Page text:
Architectural Record joined the SLB and other media outlets in taking note of the University of Arkansas’ recently opened Adohi Hall. Adohi—named for the Cherokee word meaning “woods”—is a 200,000-square-foot, two-volume-timber complex, covering four acres and with the capacity to house 708 students.
Adohi was designed by Boston-based Leers Weinzapfel Associates in collaboration with Mackey Mitchell Architects, OLIN, and Modus Studio. According to Leers Weinzapfel Associates principal Tom Chung, “The mass timber design reimagines the traditional notion of campus housing as a building on a quad lawn,” instead channeling “a cabin in the woods, where building and landscape are woven together.” The design team specified sustainably sourced European spruce, pine, and fir trees for structural components, and it used local cypress for interior detailing as “an example of a new sustainable way of building our campuses.”
Read more about Adohi Hall here.
New Open-Access Tool Enables Quick, Accurate Calculations of Embodied Carbon in Building Materials
This year’s Greenbuild conference featured the formal launch of the Embodied Carbon in Construction Calculator (EC3), a free, open-access tool designed to empower users to learn how buildings and infrastructure can radically reduce embodied carbon.
Created by the Carbon Leadership Forum with inputs from nearly 50 industry leaders, EC3 allows for supply chain–specific analysis of embodied carbon data, using the first searchable and sortable database of U.S. and Canadian environmental product declarations (EPDs) for concrete, steel, wood, glass, aluminum, insulation, gypsum, carpet, and ceiling tiles. EC3 is also the first tool to create a consolidated, digital EPD form for viewing and analyzing the data. This will allow users to easily estimate upfront embodied carbon emissions associated with material production and construction processes, and make informed decisions to reduce embodied carbon within buildings.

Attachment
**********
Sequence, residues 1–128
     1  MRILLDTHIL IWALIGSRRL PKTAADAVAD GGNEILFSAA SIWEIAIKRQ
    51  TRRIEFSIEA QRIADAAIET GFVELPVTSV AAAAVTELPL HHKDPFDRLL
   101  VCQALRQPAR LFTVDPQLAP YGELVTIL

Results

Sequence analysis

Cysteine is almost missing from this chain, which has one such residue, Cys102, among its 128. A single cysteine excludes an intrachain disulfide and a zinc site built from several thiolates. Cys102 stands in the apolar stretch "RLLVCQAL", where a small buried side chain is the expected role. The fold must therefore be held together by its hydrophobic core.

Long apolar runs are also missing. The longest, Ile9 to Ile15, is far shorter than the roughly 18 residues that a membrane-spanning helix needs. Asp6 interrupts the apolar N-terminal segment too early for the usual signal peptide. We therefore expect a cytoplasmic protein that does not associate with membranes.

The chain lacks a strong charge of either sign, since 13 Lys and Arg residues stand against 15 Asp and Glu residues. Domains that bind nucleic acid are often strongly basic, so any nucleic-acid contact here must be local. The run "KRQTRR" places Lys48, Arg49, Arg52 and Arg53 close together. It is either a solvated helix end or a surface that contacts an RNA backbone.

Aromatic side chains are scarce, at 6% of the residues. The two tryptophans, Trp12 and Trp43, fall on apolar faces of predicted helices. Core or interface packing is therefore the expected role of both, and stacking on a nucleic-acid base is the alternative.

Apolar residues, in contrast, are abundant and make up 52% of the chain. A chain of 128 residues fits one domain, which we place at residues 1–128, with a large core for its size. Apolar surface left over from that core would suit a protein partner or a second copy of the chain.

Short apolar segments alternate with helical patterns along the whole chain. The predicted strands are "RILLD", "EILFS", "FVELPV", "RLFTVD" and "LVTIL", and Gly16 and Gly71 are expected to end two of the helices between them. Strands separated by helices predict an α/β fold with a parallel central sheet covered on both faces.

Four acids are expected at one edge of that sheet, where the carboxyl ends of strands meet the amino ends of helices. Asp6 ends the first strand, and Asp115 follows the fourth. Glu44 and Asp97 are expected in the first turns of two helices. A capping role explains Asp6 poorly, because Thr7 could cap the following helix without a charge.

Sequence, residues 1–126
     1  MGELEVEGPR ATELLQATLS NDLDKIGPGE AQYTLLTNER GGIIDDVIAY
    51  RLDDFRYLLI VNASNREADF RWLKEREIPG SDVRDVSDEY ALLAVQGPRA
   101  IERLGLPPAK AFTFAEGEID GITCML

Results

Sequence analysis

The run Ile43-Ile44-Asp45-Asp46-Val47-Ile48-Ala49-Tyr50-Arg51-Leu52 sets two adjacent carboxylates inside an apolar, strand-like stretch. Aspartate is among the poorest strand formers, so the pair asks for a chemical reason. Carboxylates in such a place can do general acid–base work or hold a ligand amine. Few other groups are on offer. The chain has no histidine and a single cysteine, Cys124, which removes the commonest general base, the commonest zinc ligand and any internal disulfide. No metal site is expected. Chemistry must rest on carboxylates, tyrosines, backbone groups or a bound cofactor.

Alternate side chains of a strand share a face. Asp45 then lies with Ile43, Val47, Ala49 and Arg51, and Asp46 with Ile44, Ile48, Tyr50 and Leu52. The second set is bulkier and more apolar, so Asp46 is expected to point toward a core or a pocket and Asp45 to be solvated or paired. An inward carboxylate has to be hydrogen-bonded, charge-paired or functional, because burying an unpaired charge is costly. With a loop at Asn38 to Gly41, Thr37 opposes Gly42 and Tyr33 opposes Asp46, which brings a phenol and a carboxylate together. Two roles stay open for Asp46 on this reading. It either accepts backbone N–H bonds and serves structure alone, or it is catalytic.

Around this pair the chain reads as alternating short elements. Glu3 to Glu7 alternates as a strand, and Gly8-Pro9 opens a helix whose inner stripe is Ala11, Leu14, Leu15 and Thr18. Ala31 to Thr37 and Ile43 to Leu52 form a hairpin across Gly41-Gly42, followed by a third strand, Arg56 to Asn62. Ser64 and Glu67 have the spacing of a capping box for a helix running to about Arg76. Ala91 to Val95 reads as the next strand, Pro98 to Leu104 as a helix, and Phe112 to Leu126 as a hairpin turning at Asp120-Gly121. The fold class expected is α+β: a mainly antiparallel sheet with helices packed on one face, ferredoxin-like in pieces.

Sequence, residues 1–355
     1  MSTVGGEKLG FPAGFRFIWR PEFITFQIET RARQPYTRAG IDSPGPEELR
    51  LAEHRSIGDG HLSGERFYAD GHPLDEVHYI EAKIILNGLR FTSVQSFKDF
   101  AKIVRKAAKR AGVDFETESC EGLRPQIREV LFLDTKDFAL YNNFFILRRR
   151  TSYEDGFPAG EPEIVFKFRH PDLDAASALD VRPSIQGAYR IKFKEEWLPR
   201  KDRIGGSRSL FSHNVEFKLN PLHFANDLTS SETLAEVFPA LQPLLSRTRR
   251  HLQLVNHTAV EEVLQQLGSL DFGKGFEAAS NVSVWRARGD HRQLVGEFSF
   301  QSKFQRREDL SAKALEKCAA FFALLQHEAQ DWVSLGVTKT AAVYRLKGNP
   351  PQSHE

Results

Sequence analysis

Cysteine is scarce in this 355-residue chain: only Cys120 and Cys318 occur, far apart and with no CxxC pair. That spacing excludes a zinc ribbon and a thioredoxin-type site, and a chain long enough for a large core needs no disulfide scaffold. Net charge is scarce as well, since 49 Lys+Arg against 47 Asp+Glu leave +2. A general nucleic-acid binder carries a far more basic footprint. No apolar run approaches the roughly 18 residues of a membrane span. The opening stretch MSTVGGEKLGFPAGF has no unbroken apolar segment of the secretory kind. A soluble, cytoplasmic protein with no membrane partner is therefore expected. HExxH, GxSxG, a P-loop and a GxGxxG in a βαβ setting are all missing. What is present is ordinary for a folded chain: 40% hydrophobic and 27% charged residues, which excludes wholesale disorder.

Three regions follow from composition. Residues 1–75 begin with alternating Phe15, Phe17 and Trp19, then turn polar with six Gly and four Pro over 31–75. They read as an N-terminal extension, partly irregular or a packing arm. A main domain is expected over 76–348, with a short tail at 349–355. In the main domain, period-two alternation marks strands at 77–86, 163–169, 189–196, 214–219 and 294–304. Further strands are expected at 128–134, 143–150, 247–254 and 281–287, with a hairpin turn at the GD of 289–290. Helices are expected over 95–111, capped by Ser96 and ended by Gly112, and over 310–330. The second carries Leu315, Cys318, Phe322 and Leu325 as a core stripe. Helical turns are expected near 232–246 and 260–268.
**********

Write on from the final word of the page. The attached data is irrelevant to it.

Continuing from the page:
Learn more about the tool here.
California Firms Consider CLT to Meet New Seismic Regulations
Analysts expect that recent changes to California’s building code relating to seismic requirements will force developers to take a closer and more frequent look at CLT and other lightweight, innovative construction methods. Particularly in light of the Bay Area’s high costs, CLT is a uniquely favorable option, thanks to its shortened construction schedules and reduced labor costs. As such, proponents see an opportunity for CLT to be an asset in increasing the Bay Area’s supply of multifamily housing.